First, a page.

We were delighted that the RKD entry in the recent The Metals in Construction Magazine 2021 Design Challenge was chosen by the Jury as the Grand Prize winner.
The competition brief asked architects and engineers worldwide to envisage solutions for a site within Sunnyside Yard, 140 acres of public land and the largest public development project in New York for over 100 years. The plot, which was the focus of the competition brief, is located between Queens Boulevard and Honeywell Street in the New York borough of Queens, and involves the building of a new neighbourhood over a working rail depot.
The competition challenged us to design an affordable and sustainable community with healthy, resilient and productive places that would allow people to thrive.
In response to the brief, our design sought to create a community for current and future generations, an adaptive framework for an evolving, resilient city that is capable of sustaining its own ecosystem by preparing for future changes in our climate.
We sought to build a community that would fit seamlessly into the existing fabric of Queens in a positive way with pedestrian access and permeability. The streets and blocks would provide a variety of urban opportunities unified by greenways, landscaping and an elevated walkway. It was important that this wouldn’t become an island in the center of Queens but rather would be unified with the wider area.
RKD has an initiative called Better Buildings of the Future, focused on incorporating sustainability from the inception of a project, from the time of the first sketch, rather than trying to weave it in as an afterthought in the final stages. The Better Buildings of the Future approach is the lens through which we look at all our projects. It allows us to research and explore the ways design, operations and behaviours within the places we live, work, learn and play can be optimised for health and well-being.
Our design for Sunnyside Yard had sustainability at its core from the innovative building solution proposed, our consideration of location and the way in which space is maximized throughout the development. The materials proposed were 90% recyclable, renewable energy generated from solar panels on roofs, and excess heat from the rail yard captured for winter pre-heating. To enable productivity for a self-sustaining environment, we included spaces for aquaponic food production, for greenhouses and roof terraces with green spaces within each block.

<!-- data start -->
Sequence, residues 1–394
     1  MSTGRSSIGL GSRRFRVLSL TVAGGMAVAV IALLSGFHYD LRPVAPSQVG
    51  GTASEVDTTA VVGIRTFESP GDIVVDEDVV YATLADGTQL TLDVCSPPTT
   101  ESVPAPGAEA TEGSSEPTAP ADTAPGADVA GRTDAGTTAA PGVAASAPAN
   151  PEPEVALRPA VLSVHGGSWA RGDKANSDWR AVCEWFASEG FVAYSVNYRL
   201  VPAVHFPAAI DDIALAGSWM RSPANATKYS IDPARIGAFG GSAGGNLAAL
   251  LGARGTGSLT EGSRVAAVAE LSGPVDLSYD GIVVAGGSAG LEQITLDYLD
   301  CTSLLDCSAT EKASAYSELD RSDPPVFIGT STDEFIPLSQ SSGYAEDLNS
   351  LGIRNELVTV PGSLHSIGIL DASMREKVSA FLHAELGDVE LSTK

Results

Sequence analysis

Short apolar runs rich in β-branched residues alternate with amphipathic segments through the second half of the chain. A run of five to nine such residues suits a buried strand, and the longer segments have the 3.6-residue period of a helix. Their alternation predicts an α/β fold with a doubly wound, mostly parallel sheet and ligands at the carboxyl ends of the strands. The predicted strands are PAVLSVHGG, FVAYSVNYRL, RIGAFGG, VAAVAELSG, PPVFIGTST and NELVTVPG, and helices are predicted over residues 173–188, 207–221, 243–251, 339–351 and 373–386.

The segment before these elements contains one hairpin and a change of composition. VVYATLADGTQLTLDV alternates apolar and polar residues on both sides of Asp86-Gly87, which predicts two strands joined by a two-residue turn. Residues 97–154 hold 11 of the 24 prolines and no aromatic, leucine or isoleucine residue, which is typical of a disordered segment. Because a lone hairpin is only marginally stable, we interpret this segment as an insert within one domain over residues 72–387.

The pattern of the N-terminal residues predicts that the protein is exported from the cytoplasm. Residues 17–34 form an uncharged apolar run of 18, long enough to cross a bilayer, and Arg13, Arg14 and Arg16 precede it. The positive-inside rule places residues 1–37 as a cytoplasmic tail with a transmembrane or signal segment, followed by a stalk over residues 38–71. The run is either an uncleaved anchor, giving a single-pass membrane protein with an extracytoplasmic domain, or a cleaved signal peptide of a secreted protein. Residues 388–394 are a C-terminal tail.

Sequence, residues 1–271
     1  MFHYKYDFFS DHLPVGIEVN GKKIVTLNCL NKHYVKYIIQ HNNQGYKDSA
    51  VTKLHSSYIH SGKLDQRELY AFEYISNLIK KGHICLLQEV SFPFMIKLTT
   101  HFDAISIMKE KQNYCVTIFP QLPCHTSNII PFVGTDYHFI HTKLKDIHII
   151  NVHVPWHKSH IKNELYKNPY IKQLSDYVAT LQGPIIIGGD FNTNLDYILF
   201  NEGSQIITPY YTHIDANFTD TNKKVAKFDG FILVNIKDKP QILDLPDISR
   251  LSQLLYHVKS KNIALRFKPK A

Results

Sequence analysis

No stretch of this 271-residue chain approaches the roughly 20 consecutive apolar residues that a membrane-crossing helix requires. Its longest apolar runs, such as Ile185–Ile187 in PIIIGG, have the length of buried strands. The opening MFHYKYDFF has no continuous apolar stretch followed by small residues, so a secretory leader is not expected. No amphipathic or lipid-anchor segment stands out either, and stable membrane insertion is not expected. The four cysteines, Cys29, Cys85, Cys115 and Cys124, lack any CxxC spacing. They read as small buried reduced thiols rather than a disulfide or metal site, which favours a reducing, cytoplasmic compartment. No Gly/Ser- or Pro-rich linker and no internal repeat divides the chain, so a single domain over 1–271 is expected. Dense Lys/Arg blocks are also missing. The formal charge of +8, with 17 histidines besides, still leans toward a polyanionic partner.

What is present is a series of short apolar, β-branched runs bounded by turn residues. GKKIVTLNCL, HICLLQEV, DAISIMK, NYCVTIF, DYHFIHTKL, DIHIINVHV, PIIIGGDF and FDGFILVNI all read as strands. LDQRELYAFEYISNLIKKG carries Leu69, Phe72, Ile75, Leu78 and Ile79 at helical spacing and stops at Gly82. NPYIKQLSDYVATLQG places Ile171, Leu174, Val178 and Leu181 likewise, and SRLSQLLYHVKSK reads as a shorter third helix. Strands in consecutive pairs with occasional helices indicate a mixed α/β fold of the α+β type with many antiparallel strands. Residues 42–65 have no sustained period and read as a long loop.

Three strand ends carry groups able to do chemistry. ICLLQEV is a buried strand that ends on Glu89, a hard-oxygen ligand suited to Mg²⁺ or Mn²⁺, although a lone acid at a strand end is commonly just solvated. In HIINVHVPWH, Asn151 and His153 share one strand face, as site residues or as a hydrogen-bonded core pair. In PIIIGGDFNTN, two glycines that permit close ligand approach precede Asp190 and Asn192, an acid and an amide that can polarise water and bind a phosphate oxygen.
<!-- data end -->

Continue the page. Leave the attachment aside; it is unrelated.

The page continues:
When we looked at the existing master plan for Sunnyside Yard, we were struck by the uniformity of the grid across the entire length from east to west. The design considerations included how our proposal would respond to that uniformity, how we would ensure and maintain good daylight and sunlight penetration, and how we would align the building footprint with the rail lines below.
By shifting the orientation slightly and adjusting the heights of the buildings, the residential buildings would receive the optimum sun and light level. This arrangement of buildings would also allow cool breezes to pass through in the summer but block the colder ones in the winter, therefore protecting inhabitants from New York’s extreme weather cycles throughout the year.
We sought to apply ‘Passive House Principles’ in our housing designs. The key elements of which are:
All of which were considered and employed in our design entry.
A specific request of the brief was to look at how using steel, as part of the concept, might assist in creating both a carbon efficient building but also a circular economy. We proposed a timber-steel hybrid as the structural system which allowed for future flexibility in terms of assembling the building and then reusing all the components again. What makes this particularly efficient is the steel plants that are based around New York, allowing us to source materials locally and minimize the carbon footprint of future construction. We estimated that the timber-steel hybrid in our proposal could reduce the carbon footprint of a typical concrete structure in New York by 52%. The timber-steel hybrid also allows for more flexibility in the heights and movement, which is helpful when you are building above a railway.
The competition brief wove together structural, urban design, environmental, costs, and social challenges. It challenged RKD to develop new thinking about neighbourhoods and cities to make them inclusive, adaptive, resilient, and productive, vibrant, compact and connected, as well as low carbon, smart and embracing of the circular economy. While there is no immediate intention to build, our success is embedded in the recognition of our ideas and how they can be transferrable to other projects in the future, internationally and, in Ireland.
We would like to congratulate the competition’s two finalists, London-based DAAB Design Architects working with members of LERA and Buro Happold and a team from New York-based Pei Cobb Freed & Partners Architects, working with members of Guy Nordenson and Associates and Ken Smith Workshop.